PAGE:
VLCADD is short for “very long chain acyl-CoA dehydrogenase deficiency.”
VLCADD occurs when an enzyme, called “very long chain acyl-CoA dehydrogenase” (VLCAD) is either missing or not working properly. This enzyme’s job is to break down certain fats from the food we eat into energy. It also breaks down fat already stored in the body. Energy from fat keeps us going whenever our bodies run low of their main source of energy, a type of sugar called glucose. Our bodies rely on fat when we don’t eat for a stretch of time – like when we miss a meal or when we sleep. When the VLCADD enzyme is missing or not working, the body cannot break down fat for energy and must rely solely on glucose. Although glucose is a good source of energy, there is a limited amount available. Once the glucose has been used up, the body tries to use fat without success. This leads to low blood sugar, called hypoglycemia, and to the build up of harmful substances in the blood. ( website)
It is a genetic disorder, so the mother and father must both be a carrier or one of them has the disorder. This also means that every child we have has the possibility of having VLCADD.
Diet and Lifestyle
As a baby, Benaiah’s diet is pretty much like everyone else. Up until he was 6 months old, he was exclusively breastfed. He had to eat every 4 hours so that meant even at night we had to wake him up to feed him.
Now at 9 and a half months, he is trying table foods and still has breast milk 5 times a day. He cant go longer than 5 hours without eating and he is limited to only 5 fat grams from food per day.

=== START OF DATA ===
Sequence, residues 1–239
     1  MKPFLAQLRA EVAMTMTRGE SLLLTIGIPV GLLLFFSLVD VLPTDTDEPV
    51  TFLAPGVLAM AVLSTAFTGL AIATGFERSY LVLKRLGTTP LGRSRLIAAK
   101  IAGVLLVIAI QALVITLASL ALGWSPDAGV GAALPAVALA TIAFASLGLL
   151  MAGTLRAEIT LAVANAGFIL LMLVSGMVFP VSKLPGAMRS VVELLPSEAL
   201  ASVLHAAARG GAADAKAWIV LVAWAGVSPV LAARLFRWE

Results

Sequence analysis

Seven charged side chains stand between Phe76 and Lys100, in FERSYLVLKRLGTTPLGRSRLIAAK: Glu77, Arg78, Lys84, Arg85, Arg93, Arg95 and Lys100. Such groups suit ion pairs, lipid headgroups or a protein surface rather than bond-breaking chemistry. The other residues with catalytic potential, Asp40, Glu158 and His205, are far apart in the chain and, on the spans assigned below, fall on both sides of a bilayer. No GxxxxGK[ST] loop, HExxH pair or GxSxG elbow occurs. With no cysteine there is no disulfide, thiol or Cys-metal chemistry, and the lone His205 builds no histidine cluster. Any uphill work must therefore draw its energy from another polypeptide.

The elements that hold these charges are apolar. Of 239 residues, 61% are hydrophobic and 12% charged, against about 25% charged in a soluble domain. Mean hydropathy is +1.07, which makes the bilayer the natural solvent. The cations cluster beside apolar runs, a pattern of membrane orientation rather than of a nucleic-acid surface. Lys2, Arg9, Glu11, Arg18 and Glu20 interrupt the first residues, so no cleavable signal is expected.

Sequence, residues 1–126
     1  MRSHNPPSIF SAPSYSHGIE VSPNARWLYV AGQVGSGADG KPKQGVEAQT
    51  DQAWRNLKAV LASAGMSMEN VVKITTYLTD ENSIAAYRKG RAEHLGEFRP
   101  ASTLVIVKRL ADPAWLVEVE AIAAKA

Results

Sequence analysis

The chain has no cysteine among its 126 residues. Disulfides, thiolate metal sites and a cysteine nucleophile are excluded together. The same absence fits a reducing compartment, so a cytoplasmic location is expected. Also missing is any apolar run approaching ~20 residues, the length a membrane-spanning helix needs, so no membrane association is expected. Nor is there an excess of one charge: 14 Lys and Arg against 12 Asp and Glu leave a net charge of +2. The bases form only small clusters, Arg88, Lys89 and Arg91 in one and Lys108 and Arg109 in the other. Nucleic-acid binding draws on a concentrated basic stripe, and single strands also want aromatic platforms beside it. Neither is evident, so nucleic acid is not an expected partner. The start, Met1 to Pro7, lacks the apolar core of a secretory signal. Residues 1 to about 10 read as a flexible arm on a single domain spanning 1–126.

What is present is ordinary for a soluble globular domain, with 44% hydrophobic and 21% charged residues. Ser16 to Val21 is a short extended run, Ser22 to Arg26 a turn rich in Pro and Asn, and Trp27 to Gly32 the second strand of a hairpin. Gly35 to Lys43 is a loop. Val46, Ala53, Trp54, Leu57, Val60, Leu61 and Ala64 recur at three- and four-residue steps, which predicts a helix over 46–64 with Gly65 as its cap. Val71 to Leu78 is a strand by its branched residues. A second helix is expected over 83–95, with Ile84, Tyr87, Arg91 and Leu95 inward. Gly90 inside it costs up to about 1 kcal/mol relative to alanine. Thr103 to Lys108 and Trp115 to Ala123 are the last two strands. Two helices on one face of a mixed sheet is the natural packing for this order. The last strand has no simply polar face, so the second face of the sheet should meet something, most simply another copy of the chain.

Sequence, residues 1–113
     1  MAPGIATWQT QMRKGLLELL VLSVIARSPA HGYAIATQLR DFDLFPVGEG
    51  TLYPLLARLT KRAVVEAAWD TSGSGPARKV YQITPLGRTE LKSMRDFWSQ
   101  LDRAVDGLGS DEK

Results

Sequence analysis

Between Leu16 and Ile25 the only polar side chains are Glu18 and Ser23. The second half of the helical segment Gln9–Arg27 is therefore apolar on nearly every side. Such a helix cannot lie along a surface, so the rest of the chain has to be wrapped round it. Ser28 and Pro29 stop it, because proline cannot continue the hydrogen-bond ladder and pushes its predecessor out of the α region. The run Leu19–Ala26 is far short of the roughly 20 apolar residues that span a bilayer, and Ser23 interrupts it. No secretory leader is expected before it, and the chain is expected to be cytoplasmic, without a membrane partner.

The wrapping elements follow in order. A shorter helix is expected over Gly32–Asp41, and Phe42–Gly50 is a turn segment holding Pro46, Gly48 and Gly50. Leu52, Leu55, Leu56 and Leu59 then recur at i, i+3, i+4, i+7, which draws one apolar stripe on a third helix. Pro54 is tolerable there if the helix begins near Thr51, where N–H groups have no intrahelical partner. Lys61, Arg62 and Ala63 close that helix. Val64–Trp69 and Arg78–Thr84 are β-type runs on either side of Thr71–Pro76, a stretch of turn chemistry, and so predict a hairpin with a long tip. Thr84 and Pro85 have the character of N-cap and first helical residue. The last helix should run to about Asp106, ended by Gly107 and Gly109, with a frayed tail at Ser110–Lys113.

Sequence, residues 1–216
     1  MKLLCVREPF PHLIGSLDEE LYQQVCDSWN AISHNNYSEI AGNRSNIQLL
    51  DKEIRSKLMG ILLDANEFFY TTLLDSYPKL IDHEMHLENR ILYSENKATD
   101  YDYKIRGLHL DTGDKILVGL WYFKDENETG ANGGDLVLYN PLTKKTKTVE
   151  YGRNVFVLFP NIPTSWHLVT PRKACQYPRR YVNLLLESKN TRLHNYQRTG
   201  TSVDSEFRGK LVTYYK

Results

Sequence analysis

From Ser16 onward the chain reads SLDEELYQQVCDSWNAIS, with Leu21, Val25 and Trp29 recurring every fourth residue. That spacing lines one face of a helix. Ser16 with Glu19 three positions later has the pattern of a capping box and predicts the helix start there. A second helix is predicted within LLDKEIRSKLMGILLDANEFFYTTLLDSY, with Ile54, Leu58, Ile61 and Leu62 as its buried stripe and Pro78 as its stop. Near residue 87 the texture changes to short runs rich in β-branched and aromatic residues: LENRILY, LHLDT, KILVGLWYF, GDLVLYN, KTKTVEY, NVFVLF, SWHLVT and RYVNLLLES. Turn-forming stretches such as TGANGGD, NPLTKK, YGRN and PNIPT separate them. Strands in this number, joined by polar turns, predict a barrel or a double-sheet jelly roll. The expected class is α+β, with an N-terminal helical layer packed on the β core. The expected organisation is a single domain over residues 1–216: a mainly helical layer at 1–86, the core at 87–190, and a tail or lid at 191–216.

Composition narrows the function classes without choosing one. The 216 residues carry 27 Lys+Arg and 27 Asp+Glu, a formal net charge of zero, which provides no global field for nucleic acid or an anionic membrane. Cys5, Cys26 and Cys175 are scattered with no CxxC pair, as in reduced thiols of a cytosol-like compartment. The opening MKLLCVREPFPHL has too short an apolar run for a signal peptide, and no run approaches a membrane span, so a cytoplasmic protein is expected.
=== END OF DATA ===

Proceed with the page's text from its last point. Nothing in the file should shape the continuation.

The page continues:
When Benaiah turns 1, he can go 6 hours between feedings and his fat intake will depend on his weight. He won’t be able to have whole milk, it will have to be 2% or maybe 1%, because of the fat content. His body can break down medium chain fats which typically aren’t in foods. So because of that, we will have to give him MCT oil (probably in his milk) and that’s where about 60% of his daily fat will come from.
(Have I confused you yet? Trust me, it’s a lot of information and I’m STILL trying to figure it all out!)
As Benaiah grows, his fat intake will increase as well as time between feedings. However, he will never be able to fast or go a long period of time without food. If he decides to do sports or other physical activities, we will have to take even more precautions than usual. (Thankfully we will have at least a few years until we get to that point! 🙂 )
Benaiah has a unique case of VLCADD. Doctors have done multiple tests and they have all come back without a definite diagnosis. However, our geneticist believes that Benaiah is either a carrier OR has a mild case of VLCADD. Because of this, his diet restrictions aren’t as extreme as kids or adults that have a severe case. For that, we are extremely thankful (and always blessed)!!
Benaiah also has an emergency protocol if he were to become sick, start vomiting or refuse to eat. Basically we would have to take him straight to the ER so they can monitor everything and make sure he has enough fluids.
With our child having VLCADD, it’s hard to not think about the scary things that could happen. However, I am constantly reminded that the Lord is sovereign and He is in control of everything, for which I am so grateful for! God has blessed us with the most precious boy in the entire world and we know he has VLCADD for a reason. I’m hopeful that doctors will one day have another test we can take to determine either “yes he does had VLCADD” or “no he doesn’t”. Until then, I’m going to continue to share our story!